3. He then hit up Honduras, Nicaragua, Costa Rica, and Panama. He got caught in another storm, and became certain he would die, writing "Eyes never beheld the sea so angry, so high, so covered with foam." He also applied for an MFA in poetry. But he survived the storm, and set up a garrison at Rio Belen...which was promptly attacked. Plus his ship got shipworms. Shipworms! Gross.
4. He went to St. Ann's Bay, Jamaica and hung out for a year, drinking Red Stripe and regaling the natives with stories about lunar eclipses (one of which he predicts). Eventually lunar eclipse predictions stopped cutting it and the natives tired of Columbus and his men eating all the jerk chicken. He asked for help and provisions from Hispaniola but "The governor, Nicolás de Ovando y Cáceres, detested Columbus and obstructed all efforts to rescue him and his men" as it was tradition for Hispaniola governors to hate his face. Things seemed perilous, but help eventually comes, bringing him back to Spain on November 7, 1504. Less than two years later, Columbus died. He was "probably 54".
PART III: CONCLUSIONS AND ANALYSIS
Now that we've gone down this rabbit hole of knowledge, what is one to conclude about this man for whom we raise a glass of cheap Tempranillo every second Monday in October? After all, Columbus Day has only been a federal holiday since 1937 (Colorado made it a state holiday in 1906, thanks to lobbying from an Italian dude named Angelo Noce), when the Knights of Columbus -- a Catholic organization created to help fight discrimination in the workplace during the 1800s, likely by wearing full suits of armor and smashing people with maces and sh*t -- pushed FDR and Congress to make it one. Hawaii, Alaska, and South Dakota don't even celebrate it -- Hawaii instead celebrates Discoverer's Day, South Dakota does Native American Day, and Alaska just never realized there were federal holidays in the first place, as no one routinely checks their State.Gov email address.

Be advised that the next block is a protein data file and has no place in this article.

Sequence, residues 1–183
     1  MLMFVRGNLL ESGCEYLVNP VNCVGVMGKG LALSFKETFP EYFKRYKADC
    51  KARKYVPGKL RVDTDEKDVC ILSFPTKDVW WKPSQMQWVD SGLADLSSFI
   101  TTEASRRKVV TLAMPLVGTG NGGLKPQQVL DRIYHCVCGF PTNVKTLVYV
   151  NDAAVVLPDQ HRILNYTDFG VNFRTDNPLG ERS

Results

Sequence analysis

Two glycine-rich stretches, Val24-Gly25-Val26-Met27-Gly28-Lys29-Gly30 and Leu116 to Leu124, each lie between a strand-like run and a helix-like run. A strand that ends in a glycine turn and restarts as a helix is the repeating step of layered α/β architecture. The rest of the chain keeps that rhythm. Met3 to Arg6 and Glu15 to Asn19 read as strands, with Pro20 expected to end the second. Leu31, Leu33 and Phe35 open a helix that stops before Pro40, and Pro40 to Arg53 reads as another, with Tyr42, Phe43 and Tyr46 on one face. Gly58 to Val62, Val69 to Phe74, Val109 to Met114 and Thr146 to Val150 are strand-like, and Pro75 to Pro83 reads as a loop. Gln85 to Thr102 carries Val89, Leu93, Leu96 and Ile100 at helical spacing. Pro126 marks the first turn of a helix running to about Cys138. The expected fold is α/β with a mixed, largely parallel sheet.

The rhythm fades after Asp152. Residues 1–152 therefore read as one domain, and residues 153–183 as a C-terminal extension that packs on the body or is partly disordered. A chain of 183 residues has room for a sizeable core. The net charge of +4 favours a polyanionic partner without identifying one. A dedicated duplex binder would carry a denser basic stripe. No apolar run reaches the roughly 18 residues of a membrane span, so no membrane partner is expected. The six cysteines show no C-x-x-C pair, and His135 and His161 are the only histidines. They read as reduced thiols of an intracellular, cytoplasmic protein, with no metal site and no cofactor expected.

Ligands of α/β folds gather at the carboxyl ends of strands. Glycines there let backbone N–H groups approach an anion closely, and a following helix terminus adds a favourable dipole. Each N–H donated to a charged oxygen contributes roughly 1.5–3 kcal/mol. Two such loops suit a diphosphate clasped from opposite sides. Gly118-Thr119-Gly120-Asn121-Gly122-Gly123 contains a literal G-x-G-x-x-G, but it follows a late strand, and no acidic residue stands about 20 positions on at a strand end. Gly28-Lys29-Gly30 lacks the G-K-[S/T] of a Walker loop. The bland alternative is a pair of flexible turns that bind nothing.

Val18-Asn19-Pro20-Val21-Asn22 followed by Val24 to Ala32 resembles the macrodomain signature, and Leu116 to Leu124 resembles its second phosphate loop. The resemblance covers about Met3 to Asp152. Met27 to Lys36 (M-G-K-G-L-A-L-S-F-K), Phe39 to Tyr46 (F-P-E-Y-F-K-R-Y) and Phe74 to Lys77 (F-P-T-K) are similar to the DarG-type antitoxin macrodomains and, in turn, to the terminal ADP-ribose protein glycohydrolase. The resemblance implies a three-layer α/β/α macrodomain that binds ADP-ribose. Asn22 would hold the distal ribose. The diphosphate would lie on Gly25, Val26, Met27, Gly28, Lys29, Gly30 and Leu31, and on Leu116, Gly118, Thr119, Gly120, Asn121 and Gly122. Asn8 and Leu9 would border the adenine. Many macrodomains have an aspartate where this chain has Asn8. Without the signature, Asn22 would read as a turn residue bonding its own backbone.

Regardless of what state you live in -- except, of course, Alaska --- most rational people tend to agree that Columbus, the person, kind of sucked. He was an ego-maniacal, self-obsessed tyrant, a shameless self-promoter, and a disaster in governance; he regularly took credit for things that weren't his; he exaggerated; he slept with ladies of the night that were much younger than him and not his wife; and he never seemed to repent for any of it. So... basically he was a politician.
And yes, even back then, when they regularly crushed witches under stones and publicly chopped people's heads off with extremely sharp contraptions, people actually spoke out against the atrocities that happened under his watch. But just because he was a twisted sadist doesn't mean you should have to go into your junior account executive job at JC Penny.
He did open the door to the discovery of America. He was an extremely talented sailor, as he figured out that whole magnetic declination thing you didn't learn about, and could predict hurricanes and lunar eclipses. And he basically found and named every single place you end up visiting while on a Royal Caribbean cruise with your grandparents and your uncle that drinks too much and keeps all of his money under the insole of his boat shoe.
So maybe on this Columbus Day, instead of toasting to Columbus the dickish, sadistic, orphan-sexing man, raise a glass to the American ideals that his discoveries represent: a thirst to explore the new and unfamiliar, an urge to push on even when you think you've reached your limit, and a refusal to ever learn a damn word of Ligurian.
Published: October 5, 2012 at 3:00pm EDT